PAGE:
Three new gene therapies and a new mouse model for the generation of fully human monoclonal antibodies. These are the results of the 4 projects promoted by “IMMUNO”, the research and development network of CAR-T cells for application in mainly oncohematology. The network is made up of the Regina Elena National Cancer Institute (IRE), three biotechnological companies (Menarini Biotech, Takis and Plaisantx) and is coordinated by Professor Franco Locatelli, director of the Department of Oncology, Cell Therapies, Gene Therapies and Hemopoietic Transplantation of the Bambino Gesù Pediatric Hospital. The results of the research of the IMMUNO network, co financed by Lazio Innova Spa and the European Union, were presented yesterday afternoon in the Sala Tevere of the Lazio Region.
The 4 Projects of “IMMUNO”
The first project, CARSA (chimeric antigen receptor for sarcoma) involved the development of gene therapy prototypes based on the generation of genetically modified T cells for the treatment of patients with sarcoma.
The second study, GEMMA (GEneration of novel CAR T and BiTE to convert the TuMor Microenvironment), led to the development of a CAR-T therapy to eliminate immunosuppressive components in the tumour microenvironment that limit T lymphocyte activity in solid pulmonary tumors.
The third project, HuMAD (Humanized Mouse for Antibody Discovery), is dedicated to the study of a new mouse model for the generation of fully human monoclonal antibodies to treat cancer patients. Currently, in fact, the monoclonal antibodies produced through mouse models can be recognized as foreign by the patient’s immune system and can therefore be subject to rejection.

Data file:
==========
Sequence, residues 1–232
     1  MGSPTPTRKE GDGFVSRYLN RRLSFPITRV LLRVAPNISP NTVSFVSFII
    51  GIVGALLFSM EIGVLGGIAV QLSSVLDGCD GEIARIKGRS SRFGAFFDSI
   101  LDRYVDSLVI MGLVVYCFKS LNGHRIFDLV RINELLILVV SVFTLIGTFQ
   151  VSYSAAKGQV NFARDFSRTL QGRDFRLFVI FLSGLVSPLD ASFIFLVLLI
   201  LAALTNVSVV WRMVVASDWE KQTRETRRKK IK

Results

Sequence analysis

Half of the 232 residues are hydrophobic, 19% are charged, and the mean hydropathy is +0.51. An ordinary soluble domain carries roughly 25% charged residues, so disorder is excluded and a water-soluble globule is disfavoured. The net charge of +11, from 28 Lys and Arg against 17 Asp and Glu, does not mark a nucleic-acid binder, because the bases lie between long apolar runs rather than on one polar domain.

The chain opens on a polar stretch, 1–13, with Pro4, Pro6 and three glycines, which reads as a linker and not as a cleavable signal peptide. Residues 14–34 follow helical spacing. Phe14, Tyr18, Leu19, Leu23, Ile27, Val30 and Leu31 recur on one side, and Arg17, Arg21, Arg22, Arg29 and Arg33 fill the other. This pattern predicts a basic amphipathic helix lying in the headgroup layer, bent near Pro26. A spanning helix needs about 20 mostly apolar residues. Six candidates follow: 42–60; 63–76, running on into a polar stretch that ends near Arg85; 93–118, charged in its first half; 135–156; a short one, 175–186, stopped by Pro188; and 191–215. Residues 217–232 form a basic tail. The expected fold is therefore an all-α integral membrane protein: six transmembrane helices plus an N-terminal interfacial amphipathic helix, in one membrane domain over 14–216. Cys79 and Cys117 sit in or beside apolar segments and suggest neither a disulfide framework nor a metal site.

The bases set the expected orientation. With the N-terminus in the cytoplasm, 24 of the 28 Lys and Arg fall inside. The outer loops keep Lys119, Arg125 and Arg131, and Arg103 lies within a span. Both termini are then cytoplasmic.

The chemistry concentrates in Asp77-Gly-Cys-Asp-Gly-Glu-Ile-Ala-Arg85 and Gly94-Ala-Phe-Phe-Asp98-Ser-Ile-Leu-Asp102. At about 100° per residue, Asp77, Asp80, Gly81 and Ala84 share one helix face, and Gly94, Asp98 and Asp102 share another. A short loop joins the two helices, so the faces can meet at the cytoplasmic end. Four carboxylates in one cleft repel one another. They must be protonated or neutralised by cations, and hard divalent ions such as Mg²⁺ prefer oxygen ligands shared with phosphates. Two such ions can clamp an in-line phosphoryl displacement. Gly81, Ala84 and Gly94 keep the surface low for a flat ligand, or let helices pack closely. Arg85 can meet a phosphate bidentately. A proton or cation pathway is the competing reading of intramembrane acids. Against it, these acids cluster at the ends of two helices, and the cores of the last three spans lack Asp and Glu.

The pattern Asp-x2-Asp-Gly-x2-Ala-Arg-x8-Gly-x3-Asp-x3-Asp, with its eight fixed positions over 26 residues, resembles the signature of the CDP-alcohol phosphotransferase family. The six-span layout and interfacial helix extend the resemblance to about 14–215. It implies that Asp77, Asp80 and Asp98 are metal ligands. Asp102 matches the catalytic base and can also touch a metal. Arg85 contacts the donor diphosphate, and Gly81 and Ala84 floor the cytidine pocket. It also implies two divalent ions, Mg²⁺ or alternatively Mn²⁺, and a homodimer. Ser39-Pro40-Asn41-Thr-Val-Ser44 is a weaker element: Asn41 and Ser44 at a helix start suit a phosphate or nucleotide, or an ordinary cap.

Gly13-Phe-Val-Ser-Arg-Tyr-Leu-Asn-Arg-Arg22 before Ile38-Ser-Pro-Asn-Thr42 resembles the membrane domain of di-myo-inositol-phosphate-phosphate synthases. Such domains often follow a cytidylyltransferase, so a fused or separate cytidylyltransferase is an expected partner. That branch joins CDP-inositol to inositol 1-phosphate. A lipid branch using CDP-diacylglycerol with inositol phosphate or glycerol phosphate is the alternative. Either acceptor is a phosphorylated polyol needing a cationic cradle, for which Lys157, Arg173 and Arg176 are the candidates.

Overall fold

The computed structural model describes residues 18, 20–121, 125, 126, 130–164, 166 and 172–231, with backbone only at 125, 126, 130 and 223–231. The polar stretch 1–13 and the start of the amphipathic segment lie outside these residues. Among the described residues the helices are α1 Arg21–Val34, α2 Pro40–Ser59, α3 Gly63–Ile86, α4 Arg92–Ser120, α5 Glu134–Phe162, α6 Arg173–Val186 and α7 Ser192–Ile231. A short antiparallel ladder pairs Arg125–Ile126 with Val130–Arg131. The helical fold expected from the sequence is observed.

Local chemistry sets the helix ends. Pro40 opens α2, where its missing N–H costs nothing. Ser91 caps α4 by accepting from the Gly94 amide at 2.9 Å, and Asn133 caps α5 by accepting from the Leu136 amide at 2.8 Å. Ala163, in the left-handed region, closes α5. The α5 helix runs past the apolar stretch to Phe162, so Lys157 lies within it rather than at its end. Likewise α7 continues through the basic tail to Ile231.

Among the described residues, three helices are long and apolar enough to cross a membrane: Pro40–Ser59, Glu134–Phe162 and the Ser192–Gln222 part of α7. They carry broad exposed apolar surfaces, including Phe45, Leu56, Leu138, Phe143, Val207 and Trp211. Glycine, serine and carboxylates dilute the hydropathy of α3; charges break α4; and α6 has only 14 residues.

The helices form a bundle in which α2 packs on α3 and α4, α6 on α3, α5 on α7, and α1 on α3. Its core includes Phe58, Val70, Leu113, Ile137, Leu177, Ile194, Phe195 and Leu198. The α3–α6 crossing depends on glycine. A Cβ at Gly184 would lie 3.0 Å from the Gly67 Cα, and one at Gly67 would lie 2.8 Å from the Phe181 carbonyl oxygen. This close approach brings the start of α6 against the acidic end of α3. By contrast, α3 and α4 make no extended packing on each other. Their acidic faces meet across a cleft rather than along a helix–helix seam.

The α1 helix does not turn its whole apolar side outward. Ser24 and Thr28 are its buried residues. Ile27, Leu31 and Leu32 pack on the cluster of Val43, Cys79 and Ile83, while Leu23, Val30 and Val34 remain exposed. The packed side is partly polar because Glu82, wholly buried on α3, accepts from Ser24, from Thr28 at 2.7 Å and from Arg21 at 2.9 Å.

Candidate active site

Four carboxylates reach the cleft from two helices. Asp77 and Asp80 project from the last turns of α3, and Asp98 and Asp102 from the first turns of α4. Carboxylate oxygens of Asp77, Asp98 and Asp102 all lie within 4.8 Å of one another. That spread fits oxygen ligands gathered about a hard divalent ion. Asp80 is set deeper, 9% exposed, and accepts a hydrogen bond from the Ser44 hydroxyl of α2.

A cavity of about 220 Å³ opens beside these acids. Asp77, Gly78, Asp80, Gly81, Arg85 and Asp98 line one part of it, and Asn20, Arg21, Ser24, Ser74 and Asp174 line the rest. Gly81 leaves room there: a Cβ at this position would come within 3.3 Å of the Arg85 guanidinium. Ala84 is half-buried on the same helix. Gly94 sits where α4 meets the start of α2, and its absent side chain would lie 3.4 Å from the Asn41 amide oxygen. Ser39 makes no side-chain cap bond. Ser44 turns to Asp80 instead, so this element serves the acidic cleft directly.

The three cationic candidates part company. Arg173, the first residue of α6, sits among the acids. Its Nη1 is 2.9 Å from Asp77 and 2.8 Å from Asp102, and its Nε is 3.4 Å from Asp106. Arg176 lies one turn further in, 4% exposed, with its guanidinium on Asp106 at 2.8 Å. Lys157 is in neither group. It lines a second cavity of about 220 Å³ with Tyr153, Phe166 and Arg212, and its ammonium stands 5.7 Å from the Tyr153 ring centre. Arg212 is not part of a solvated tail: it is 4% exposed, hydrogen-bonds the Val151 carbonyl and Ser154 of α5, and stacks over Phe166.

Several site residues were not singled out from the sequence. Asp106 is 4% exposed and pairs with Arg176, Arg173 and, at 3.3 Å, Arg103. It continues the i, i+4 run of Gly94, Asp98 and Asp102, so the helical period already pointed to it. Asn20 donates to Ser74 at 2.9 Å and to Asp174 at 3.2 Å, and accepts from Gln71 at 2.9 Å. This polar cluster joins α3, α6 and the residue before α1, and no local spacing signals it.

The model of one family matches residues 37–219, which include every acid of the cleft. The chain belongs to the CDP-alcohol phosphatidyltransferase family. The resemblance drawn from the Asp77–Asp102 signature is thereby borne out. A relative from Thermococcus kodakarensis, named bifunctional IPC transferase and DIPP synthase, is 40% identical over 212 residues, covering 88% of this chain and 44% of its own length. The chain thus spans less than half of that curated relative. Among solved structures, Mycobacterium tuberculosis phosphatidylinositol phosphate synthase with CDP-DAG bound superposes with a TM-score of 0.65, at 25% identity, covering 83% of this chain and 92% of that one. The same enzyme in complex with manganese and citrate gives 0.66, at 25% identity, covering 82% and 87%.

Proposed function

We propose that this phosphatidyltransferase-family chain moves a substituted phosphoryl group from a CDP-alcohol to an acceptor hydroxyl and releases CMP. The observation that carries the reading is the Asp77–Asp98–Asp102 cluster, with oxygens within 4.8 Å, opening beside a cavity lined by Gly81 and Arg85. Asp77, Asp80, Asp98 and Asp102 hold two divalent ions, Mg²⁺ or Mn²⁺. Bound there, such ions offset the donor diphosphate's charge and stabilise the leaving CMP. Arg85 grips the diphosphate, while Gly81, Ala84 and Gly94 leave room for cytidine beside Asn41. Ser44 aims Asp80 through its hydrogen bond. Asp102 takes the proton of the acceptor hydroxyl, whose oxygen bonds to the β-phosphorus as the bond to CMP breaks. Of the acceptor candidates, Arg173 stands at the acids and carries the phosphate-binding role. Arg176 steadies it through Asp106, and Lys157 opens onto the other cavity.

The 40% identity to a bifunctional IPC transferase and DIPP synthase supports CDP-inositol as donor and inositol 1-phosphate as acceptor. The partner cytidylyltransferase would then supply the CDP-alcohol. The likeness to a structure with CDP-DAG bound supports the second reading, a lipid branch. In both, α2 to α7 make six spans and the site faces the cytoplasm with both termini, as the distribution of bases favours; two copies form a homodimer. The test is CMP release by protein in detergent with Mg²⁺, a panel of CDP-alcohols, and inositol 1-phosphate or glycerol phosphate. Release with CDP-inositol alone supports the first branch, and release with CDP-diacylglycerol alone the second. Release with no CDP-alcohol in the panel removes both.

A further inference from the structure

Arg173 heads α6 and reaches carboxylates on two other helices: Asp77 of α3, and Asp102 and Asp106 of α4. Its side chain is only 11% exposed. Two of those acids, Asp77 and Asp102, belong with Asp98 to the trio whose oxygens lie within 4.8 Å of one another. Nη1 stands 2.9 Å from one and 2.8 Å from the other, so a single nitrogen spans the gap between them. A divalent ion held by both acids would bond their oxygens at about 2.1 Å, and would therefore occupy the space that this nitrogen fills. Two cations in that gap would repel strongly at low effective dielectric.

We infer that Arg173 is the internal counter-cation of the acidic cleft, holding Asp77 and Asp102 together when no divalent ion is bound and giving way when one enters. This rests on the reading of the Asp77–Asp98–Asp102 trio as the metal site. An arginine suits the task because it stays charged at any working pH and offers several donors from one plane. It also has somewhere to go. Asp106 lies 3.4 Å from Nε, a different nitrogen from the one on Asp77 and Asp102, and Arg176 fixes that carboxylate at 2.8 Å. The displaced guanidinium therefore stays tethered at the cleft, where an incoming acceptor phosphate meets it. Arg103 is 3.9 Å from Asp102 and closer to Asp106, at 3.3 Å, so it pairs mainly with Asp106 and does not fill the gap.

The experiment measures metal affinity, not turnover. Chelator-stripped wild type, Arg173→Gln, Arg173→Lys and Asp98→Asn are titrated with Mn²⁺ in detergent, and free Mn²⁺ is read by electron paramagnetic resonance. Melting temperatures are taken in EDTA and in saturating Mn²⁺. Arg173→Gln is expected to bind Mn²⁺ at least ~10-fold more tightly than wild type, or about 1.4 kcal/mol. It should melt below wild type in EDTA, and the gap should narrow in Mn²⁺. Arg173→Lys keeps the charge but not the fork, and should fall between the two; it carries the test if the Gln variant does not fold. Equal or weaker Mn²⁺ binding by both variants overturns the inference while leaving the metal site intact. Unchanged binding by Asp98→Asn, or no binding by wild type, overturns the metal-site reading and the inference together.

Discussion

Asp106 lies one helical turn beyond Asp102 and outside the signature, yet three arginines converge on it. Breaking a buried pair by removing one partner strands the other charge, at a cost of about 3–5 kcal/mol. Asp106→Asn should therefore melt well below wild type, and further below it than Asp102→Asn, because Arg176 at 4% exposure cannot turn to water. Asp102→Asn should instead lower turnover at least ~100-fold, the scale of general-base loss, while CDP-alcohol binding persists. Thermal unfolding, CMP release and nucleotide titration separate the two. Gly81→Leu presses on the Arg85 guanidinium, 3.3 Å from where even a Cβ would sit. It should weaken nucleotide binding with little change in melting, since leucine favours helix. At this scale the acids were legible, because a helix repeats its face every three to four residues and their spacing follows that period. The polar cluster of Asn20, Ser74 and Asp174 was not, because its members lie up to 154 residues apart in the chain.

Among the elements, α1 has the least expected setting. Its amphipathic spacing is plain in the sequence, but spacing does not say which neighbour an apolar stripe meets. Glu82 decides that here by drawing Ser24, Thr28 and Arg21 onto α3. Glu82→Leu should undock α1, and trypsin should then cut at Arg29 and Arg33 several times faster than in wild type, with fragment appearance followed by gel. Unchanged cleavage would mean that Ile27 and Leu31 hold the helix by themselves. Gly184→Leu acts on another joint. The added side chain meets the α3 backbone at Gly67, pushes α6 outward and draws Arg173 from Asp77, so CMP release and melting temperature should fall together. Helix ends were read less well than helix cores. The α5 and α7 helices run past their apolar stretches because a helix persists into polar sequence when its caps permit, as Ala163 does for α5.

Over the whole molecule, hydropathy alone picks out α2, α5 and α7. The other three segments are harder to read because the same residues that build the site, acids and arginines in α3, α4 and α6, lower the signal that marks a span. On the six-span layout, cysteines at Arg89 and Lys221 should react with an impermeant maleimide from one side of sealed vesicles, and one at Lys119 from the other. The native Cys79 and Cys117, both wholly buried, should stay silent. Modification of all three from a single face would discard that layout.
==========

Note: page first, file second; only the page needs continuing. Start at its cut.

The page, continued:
The last study, TraZimAb, is the project whereby researchers have developed a new CAR-T product for the treatment of aspergillosis, a rare respiratory tract infection caused by inhaling spores of the filamentous fungus Aspergilluse, but which has an extreme relevance in the context of immunosuppressed patients, such as for example transplant patients.
“We are very satisfied with how the academic and industrial sectors have collaborated thanks to this loan. – explains Biagio De Angelis, researcher of the gene Therapy research unit for tumors of Bambino Gesù – The prototypes generated relating to personalized and advanced therapies have now reached such solidity and robustness as to bode well for subsequent investments in the context of their industrial exploitation”.
“Immunotherapy is changing cancer therapy. – underlines Gennaro Ciliberto, Scientific Director of Regina Elena – In this context, the public-private partnership of the IMMUNO project has shown that it can synergistically develop very promising new weapons which, following further experimentation, will be able to make their way into clinical trials”.
“A project of such scientific and translational value – highlights Paola Nisticò, researcher in charge of the IRE Immunology and Tumor Immunotherapy Unit and coordinator of the “GEMMA project” – was fueled by great synergies between the partners and allowed young researchers to acquire high skills in the field of immunotherapy”.